And this is why the U.K. government will soon require all learner drivers to follow directions from a sat nav as part of their driving test.  The Driver and Vehicle Standards Agency (DVSA) will provide all driving examiners with a sat nav unit to give to budding drivers for their test — but this isn’t about having an ability to search for a route through a sat nav, it’s purely about being able to follow directions.  From December 4, 2017, learners will be expected to follow a pre-set route provided by the examiner.

Turns Out, a Horrifying Number of People Use Their Phones While Driving
   a new study indicates that damn near everybody uses their phone while behind the wheel, damn near all the time.  Using sensor data from more than 3 million drivers and 5.6 billion miles of trips, driving analytics company Zendrive found drivers are using their phones on 88 percent of their journeys.  The average driver spends 3.5 minutes on the phone per one hour trip, a stat that sounds worse when you realize just a two-second distraction increases your risk of crashing by 20 percent.

Model laws?
Mike Maharrey writes:
On Friday, Montana Gov. Steve Bullock signed two bills into law that will increase privacy protections in the state and hinder at least two federal surveillance programs.  The new laws will ban warrantless collection of data from an electronic device in most situations, and limit the use of Automated License Plate Readers (ALPRs) in the state.
Rep. Daniel Zolnikov (R-Billings) sponsored both House Bill 149 (HB149) and House Bill 147 (HB147).
Read more on Tenth Amendment Center.
Montana is looking more and more attractive these days, isn’t it?

A reaction to potential federal crackdown?
Ariana Rakhshani reports:
Some worried about the federal implications of marijuana are rejoicing.
Governor Kate Brown signed a bill protecting those who shop at pot retailers.  Dispensaries have been required to keep customers’ personal information; it allowed the state to audit dispensaries to make sure they were only selling the legal amount to someone within a 24 hour period.
Now, dispensaries are not allowed to keep any personal information.
Read more on KTVL.

Perspective.  For those who can’t read? 
Netflix Touts U.S. Growth—and the Market Believes It
Can Netflix keep adding U.S. subscribers quarter after quarter?  The company's CEO seems to think so, painting a rosy picture of growth even as the streaming service hits 50 million customers and faces stiff competition from Amazon.
   In a letter to investors and in the video, Netflix also dropped other nuggets of good news.  These included claims that the much-hyped Dave Chappelle exclusive, which premiered in March, was the "most viewed comedy special ever," and that subscribers have spent more than half a billion hours "enjoying" specials involving actor Adam Sandler.

(Related).  A different number?
Netflix Nears 100 Million Subscribers, But Q1 Gains Fall Short of Expectations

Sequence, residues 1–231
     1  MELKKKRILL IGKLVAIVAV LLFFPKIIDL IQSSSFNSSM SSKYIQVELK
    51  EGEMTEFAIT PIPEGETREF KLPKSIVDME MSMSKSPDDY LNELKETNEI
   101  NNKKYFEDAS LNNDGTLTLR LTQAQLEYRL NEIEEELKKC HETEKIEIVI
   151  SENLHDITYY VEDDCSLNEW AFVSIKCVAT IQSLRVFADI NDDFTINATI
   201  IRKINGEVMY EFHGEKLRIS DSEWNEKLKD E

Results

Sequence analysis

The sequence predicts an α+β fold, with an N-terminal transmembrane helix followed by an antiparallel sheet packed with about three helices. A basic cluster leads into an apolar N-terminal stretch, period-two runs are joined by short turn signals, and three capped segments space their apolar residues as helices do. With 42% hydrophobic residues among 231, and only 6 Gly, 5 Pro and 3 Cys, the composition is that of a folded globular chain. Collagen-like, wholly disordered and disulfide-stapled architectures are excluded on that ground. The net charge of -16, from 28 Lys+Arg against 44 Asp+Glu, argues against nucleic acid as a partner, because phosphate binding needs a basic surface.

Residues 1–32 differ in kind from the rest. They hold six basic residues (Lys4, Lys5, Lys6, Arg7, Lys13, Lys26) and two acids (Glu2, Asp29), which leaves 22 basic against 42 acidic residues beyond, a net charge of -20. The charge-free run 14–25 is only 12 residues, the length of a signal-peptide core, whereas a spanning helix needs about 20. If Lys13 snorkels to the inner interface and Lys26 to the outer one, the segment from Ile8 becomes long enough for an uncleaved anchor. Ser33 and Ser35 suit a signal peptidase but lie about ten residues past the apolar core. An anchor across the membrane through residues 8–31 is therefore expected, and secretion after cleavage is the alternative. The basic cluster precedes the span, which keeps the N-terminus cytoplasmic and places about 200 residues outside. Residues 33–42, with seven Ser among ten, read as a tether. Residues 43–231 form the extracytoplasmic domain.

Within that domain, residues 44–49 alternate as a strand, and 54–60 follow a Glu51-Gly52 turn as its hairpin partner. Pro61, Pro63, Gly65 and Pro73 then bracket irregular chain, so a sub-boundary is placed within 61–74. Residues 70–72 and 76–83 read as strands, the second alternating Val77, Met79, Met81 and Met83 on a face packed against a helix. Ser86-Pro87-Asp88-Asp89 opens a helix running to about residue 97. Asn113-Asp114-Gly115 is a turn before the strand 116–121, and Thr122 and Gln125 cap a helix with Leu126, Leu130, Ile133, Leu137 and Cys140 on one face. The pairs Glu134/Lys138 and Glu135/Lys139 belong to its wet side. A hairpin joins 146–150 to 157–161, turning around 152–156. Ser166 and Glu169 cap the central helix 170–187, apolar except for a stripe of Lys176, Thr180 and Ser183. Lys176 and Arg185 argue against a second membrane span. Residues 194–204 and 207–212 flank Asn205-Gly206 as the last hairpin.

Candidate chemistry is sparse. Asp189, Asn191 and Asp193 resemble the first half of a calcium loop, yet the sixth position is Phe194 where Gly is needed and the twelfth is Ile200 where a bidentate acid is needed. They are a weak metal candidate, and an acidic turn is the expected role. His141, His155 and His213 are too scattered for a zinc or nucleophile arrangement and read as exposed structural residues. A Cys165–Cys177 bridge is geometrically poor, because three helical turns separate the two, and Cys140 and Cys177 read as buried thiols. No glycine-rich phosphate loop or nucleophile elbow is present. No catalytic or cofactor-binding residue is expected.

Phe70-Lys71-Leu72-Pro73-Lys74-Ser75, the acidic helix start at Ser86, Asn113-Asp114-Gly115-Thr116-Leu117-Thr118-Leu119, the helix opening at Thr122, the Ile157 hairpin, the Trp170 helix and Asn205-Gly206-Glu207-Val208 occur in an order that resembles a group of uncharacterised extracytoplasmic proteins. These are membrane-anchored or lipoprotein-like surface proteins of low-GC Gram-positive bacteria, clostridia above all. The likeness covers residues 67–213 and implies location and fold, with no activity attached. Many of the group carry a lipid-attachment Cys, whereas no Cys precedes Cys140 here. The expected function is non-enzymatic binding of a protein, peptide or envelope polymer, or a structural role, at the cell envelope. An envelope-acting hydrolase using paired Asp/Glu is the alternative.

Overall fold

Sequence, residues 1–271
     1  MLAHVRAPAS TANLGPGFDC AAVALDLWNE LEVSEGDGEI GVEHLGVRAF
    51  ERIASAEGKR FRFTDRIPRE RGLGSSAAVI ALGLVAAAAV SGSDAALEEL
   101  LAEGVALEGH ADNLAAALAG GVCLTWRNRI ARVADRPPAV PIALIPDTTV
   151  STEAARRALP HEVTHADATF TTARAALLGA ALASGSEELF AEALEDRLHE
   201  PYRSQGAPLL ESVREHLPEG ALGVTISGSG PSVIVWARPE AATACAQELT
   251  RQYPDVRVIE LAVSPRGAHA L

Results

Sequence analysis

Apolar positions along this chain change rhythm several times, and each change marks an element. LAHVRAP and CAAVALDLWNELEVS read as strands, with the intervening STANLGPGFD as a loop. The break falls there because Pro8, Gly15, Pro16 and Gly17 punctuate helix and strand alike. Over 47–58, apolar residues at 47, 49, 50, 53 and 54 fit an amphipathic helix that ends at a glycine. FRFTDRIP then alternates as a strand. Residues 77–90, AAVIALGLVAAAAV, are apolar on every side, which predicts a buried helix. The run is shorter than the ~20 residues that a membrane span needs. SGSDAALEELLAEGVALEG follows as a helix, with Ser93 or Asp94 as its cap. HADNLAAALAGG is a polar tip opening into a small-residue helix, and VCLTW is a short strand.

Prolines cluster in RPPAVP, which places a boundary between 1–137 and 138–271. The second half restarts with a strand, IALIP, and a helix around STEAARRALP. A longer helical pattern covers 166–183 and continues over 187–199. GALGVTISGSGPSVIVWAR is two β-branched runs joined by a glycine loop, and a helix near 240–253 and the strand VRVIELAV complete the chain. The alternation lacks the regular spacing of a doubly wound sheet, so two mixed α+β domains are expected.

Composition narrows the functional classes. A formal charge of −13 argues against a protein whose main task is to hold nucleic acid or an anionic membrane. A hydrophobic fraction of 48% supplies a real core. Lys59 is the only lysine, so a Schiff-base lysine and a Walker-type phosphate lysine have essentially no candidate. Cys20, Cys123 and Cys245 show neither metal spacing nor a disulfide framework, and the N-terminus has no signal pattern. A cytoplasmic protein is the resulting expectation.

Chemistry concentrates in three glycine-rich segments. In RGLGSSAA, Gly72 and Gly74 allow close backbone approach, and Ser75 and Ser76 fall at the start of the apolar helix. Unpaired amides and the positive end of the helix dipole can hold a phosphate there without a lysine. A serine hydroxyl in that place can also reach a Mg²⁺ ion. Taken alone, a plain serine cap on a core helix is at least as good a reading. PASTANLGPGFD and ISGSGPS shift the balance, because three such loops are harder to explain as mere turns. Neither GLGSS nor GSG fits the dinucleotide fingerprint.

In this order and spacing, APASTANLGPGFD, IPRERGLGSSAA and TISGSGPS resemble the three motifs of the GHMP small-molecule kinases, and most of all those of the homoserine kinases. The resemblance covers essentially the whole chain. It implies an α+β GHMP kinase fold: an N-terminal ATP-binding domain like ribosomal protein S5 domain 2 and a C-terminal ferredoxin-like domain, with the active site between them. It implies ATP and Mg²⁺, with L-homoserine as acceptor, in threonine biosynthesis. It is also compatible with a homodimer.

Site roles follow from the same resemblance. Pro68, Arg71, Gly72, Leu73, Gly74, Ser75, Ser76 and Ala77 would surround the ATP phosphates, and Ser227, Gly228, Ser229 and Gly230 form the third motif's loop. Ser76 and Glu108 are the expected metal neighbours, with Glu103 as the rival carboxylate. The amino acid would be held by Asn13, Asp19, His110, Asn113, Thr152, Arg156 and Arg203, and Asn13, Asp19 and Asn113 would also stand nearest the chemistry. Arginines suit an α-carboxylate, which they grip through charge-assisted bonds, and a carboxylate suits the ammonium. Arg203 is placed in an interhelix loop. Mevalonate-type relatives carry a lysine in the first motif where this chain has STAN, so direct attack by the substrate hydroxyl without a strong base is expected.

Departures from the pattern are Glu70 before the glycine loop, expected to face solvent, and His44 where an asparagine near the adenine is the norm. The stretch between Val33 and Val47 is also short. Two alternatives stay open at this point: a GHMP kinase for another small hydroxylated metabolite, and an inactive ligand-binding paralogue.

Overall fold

Netflix added fewer subscribers than expected for the first three months of 2017, while the No. 1 subscription-video provider said it will surpass the 100-million mark this coming weekend.
   In 2017, the company plans to spend more than $1 billion marketing its content, Netflix said in the shareholder letter.

Perspective.  For those who can read. 
Amazon expands its literary horizons, making big imprint in translation niche
The literary translation community in the U.S. has a tradition of being highbrow, a carefully tended yet narrow reflection of the stirrings of global culture beyond the Anglosphere.
Then Amazon.com jumped in, like a whale into a koi pond.
   AmazonCrossing, the publishing unit devoted to scouring the world for good tales, has in a short time become the most prominent interpreter of foreign fiction into English, accounting for 10 percent of all translations in 2016, more than any other publishing house in a field populated by small imprints.
   Yet Amazon’s shine has been tarnished by a contentious relationship with New York publishing houses, bookstores and some authors.  Many bookstores — hurt by the online retailer’s dominance in book sales and its pricing power — have boycotted titles published by Amazon.  They’re also less likely to get reviewed by the traditional literary outlets, experts say.

This could be amusing just for the potential comparisons!  
Steve Ballmer Serves Up a Fascinating Data Trove
   On Tuesday, Mr. Ballmer plans to make public a database and a report that he and a small army of economists, professors and other professionals have been assembling as part of a stealth start-up over the last three years called USAFacts.  The database is perhaps the first nonpartisan effort to create a fully integrated look at revenue and spending across federal, state and local governments.
   Using his website, USAFacts.org, a person could look up just about anything: How much revenue do airports take in and spend?  What percentage of overall tax revenue is paid by corporations?

For my geeks.
If you’re thinking of learning Python, you might be overwhelmed by the initial setup process.  You need to install Python on your system, then learn how to use the command line to process code, or learn how to use the interactive shell, or learn how to set up a Python IDE.
Ignore all of that. It’s unnecessary until you know whether Python is right for you.
Instead, we recommend using an online interactive shell, which is just a website that lets you write and execute Python code and instantly see the results.  No need to install anything.

Worth a look?